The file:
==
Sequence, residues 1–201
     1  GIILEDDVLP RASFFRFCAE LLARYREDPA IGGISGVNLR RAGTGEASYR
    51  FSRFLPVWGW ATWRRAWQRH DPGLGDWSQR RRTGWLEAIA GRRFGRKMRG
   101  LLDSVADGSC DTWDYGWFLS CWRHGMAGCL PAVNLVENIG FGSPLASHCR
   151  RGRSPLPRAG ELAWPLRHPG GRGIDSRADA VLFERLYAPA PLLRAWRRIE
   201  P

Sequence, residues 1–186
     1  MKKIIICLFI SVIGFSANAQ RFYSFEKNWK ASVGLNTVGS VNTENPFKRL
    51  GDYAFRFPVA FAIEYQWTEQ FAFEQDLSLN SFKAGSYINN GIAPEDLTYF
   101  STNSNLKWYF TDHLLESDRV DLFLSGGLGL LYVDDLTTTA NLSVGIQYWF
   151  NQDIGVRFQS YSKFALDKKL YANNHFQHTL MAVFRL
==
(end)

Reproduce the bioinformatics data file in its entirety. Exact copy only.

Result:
Sequence, residues 1–201
     1  GIILEDDVLP RASFFRFCAE LLARYREDPA IGGISGVNLR RAGTGEASYR
    51  FSRFLPVWGW ATWRRAWQRH DPGLGDWSQR RRTGWLEAIA GRRFGRKMRG
   101  LLDSVADGSC DTWDYGWFLS CWRHGMAGCL PAVNLVENIG FGSPLASHCR
   151  RGRSPLPRAG ELAWPLRHPG GRGIDSRADA VLFERLYAPA PLLRAWRRIE
   201  P

Sequence, residues 1–186
     1  MKKIIICLFI SVIGFSANAQ RFYSFEKNWK ASVGLNTVGS VNTENPFKRL
    51  GDYAFRFPVA FAIEYQWTEQ FAFEQDLSLN SFKAGSYINN GIAPEDLTYF
   101  STNSNLKWYF TDHLLESDRV DLFLSGGLGL LYVDDLTTTA NLSVGIQYWF
   151  NQDIGVRFQS YSKFALDKKL YANNHFQHTL MAVFRL